african diversity
Restored 'Race Films' Find New Audiences
Some of the earliest movies by African-American filmmakers from the 1910s through 1940s languished in film archives over the years on poor-quality film prints. Now some have been digitally restored.

Things never change. How society portrays African American men, the reaction of this woman speaks volume of how far we are from change. She was raised to fear our men and she will teach her sons and daughters to do the same, the cycle will continue🇺🇸


Ethiopian tribes transform trash into body ornaments

The lower valley of the Omo Valley is just one of the sets most important paleontological sites in Africa declared a World Heritage Site in 1980. The Omo Valley is home to many tribes, however, the French photographer Eric Lafforgue the author of this impressive photographic record spent more time with Bana, Dassanech and Mursi.

Unfortunately, modern civilization lurks dangerously slow, Omo Valley and the advance of Western technology is not far behind. With the completion of a hydroelectric dam downstream, many tribes lost their ancestral lands and will be forced to resettle in modern environments, the landscape will be completely overhauled and will become very difficult resignifying all.

some facts about the middle east people should know
  • the Middle East sits on the crossroads 3 continents, the countries that surround it include (not limited to): Niger, Mali, Pakistan and China. As a result, people who are MENA (Middle East North African) are a diverse mix of European, Asian, African and Arab indigenous ethnicities so people from the middle east range in skin-tone and genetic traits. Not all MENA folk are lightskinned/darkskinned/olive-skinned, HOWEVER, MENA people should not be whitewashed, simply because many MENA folk pass as white.
  • Not all MENA people are “Arab”. Usually, someone defines her or himself as Arab because a) Arabic is his/her first language, or b) That person descended from the tribes of Arabia.So, the term “Arab” is actually a linguistic grouping, not ethnic or religious.
  • Not all MENA folk speak Arabic. Due to the fact the area of the middle east is so large, there are many languages spoken throughout i.e. Kurdish, Barber, Turkish, etc. Yes, Arabic is commonly spoken because of the spread of Islam, but it varies dramatically depending on where you are.
  • Not all MENA are Muslim. The media LOVES to portray all Muslims as Middle Eastern and visa versa. However, there are 100s of faiths throughout the middle east, including Judaism, Christianity, Baha'i, Zoroastrians, the Druze and many more. Indonesia actually has the highest Muslim population of any country in the world and it is not in the Middle East.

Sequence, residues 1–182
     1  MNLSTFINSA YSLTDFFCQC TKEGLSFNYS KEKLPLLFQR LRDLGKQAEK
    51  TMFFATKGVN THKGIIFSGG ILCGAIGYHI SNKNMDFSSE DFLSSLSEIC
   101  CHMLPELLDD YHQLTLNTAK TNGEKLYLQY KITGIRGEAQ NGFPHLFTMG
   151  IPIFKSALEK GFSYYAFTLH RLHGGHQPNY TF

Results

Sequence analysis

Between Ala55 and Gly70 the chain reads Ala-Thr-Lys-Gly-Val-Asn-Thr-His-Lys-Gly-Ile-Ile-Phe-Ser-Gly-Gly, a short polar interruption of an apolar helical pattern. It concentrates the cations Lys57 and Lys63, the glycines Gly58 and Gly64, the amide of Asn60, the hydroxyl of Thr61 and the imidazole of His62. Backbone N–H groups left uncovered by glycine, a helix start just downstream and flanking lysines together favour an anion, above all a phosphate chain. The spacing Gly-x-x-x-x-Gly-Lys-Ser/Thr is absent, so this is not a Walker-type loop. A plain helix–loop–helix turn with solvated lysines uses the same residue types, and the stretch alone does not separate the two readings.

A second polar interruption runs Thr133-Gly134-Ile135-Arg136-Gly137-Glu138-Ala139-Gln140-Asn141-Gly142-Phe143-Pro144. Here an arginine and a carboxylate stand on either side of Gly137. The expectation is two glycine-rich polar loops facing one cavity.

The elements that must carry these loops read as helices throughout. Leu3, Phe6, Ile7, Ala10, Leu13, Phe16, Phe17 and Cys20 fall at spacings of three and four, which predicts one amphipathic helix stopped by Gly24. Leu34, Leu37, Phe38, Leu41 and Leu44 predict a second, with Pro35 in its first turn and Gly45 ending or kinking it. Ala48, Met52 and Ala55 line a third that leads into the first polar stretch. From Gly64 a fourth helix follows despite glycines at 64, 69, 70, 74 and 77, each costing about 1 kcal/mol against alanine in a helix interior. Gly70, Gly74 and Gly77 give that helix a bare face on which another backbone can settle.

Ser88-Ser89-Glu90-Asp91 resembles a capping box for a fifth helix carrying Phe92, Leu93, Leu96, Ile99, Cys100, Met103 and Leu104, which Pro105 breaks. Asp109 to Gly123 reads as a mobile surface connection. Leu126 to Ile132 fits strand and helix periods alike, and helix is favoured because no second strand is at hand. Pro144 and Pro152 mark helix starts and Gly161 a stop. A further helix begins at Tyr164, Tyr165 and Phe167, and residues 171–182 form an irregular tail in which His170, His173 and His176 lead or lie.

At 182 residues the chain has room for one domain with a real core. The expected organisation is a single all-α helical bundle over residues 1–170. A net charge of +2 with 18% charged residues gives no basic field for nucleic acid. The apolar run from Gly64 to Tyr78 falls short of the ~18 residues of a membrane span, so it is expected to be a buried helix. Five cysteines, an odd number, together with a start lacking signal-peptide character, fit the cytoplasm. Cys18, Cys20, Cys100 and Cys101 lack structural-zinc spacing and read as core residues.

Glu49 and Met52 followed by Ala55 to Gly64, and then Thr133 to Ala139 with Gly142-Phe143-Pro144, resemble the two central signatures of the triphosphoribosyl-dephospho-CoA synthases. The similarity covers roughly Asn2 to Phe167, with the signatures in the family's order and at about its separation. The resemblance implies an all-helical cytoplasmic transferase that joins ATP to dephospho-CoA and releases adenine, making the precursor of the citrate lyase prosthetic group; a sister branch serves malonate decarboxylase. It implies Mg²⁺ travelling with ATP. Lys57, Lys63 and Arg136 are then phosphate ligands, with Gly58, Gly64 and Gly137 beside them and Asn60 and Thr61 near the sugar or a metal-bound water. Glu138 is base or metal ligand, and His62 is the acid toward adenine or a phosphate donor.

• MENA folk have had White People and other POC define our experiences, ethnicity and religion since the first days of Colonization (and even now with Aleppo). In the U.S. MENA are classified as White, though many/most receive exactly zero percent of the privlege, simply because classifying ourselves as White was the only way we were allowed into the U.S. I live in Australia and have grown up being called a wog, a n**ger, i have been denied jobs because of my heritage and hate airports for too many reasons I shouldn’t.
  • Unless you are MENA, the only thing you should do when it comes to MENA politics, issues, etc. is listen, learn and help where you can.

Contrary to popular belief, many Latin Americans do not have surnames that are of Castilian (Spanish) or Portuguese origin, just as many people from the United States do not posses surnames that are of English origin. [Part ll]

Above: Celebrities from Latin America with surnames that are not of Castilian or Portuguese origin [from left to right]:

1. Dilma Rousseff, Brazilian with a Bulgarian surname;

2. Rigoberta Menchú Tum, Guatemalan with an Indigenous Mayan surname;

3. Yumileidi Cumbá, Cuban with a surname that originates with the Mandinka people of West Africa;

4.Bruce Kastulo Chen, Panamanian with a Chinese surname;

5. David Nalbandian, Argentine with an Armenian surname;

6.Juan Soler Valls Quiroga, Argentine with a Catalan surname;

7. Montserrat Oliver, Mexican with a French surname;

8. Armando Cooper, Panamanian with English surname;

9. Karin Roepke, Brazilian with German surname;

10. Catharina Choi Nunes, Brazilian with Korean surname.